Now consider the idea of God. Spinoza defines God as a being that is infinite, where being infinite entails being unlimited. The only way that any substance could be absolutely unlimited is for there to be no other substances that could possibly limit it. So, argues Spinoza, there is only one substance and it is both God and nature. Every facet of the world is a mere part of this one substance, God/nature. And everything we do and experience is a limited manifestation of the essence of God. Every aspect of our lives, everything we think and do, is an expression of God/nature’s essence which is uncaused and necessary. For this reason, nothing we do or experience could possibly be any different. This settles the matter of free will, though not quite it the way Descartes would hope.

    Our perception of the world as including many distinct things and minds other than our own is a confusion of ours, or, as Spinoza would put it, an “inadequate idea.” The true nature of the world is singular. There is only one thing in existence, and it is both God and all of nature. God/nature being the one existing substance is self-sufficient. Since it depends on nothing and is affected by nothing, everything about God/nature is necessary. God/nature, being infinite and perfect in all respects, has an infinite number of aspects, or attributes. Our existence as human beings presents us with only two of these, the attribute of thought and the attribution of extension (physical spatio-temporal existence).

    While thought and extension, which we experience as mind and body, are attributes of God, our idea that there is some interaction between the two is a further confusion according to Spinoza. The mind and the body are really one and the same. We are limited modification of God/nature. One of the ways we are limited is in only being aware of two of the infinite attributes of God, thought and extension. The idea that the mind and the body are different and interact is a confusion of ours that we suffer due to thinking of ourselves sometimes under one attribute, thought, and at other times under another, extension. In thinking about ourselves, we are in position much like Joe who thought of a particular individual in one way, as Mark Twain, and also in a different way, as Samuel Clemens. Spinoza’s view is that mind and body are one and the same limited modification of God, understood on one hand through the attribute of thought and on the other through the attribute of extension. A better way to put this might be to just say that the mind is the idea of the body.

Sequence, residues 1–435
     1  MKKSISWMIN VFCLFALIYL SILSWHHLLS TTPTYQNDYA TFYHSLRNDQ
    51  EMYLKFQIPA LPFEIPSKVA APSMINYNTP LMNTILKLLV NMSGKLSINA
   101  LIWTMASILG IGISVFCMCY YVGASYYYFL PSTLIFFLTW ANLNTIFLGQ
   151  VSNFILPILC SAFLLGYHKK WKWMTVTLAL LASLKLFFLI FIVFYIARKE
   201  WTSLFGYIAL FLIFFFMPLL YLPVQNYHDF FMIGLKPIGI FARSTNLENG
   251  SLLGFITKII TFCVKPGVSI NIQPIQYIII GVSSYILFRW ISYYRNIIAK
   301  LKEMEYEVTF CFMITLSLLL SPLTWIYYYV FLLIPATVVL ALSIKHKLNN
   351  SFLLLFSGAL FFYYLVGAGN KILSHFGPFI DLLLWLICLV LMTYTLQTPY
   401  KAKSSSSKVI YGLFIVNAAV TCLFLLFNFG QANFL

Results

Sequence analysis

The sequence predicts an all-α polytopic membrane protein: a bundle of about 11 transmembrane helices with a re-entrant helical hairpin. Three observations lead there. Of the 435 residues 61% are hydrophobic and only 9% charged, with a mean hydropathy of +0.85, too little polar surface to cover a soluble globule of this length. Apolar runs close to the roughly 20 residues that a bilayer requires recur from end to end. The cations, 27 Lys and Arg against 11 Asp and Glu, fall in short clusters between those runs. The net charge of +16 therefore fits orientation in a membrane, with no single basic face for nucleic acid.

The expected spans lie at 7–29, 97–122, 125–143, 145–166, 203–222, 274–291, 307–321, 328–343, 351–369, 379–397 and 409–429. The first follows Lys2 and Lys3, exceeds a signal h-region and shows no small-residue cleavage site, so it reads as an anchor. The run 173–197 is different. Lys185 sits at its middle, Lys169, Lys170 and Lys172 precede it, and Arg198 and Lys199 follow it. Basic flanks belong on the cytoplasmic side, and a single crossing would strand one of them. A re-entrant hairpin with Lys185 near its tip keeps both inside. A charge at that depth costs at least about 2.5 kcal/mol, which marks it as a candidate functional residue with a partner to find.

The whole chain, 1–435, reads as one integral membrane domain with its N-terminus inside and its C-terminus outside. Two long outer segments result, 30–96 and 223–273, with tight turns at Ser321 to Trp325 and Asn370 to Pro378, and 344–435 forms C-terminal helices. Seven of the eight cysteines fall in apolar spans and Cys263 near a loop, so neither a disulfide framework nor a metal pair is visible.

We are finite an imperfect “modes” of the attributes of thought and extension. As such limited and imperfect beings, we see ourselves as separate from many other things. Being ignorant of the causes of things, including the determination of our own wills, we imagine that things might have been otherwise. But everything happens of necessity. So Spinoza’s answer to the problem of free will and determinism is to deny that we have free will. This doesn’t mean, however, that there is nothing to say about how to live well. Living well, according to Spinoza, involves coming to terms with our limitations and the way things must be as a matter of necessity. And the way to do this is through better understanding ourselves, the world (God/nature) and our position in the world. The good life, for Spinoza, is one organized around the intellectual love of God/nature.

    There is one kind of freedom that we might aspire to in all of this, and it is the kind of freedom that can be had through the intellectual love of God/nature. The freedom we can have is freedom from the tyranny of our passions, our emotions. Our hopes and fears are passions that make us anxious and insecure when we fail to understand their causes and our own place in nature. A better understanding of the necessity of all things, which for Spinoza is just the intellectual love of God/nature, is the one therapy open to us in addressing the insecurity and anxiety that comes with human vulnerability and mortality. Knowledge of how to live one’s life is established after the manner of a proving a theorem of geometry in Spinoza’s Ethics. Coming to understand his demonstration of how to live well will itself be an exercise in living well.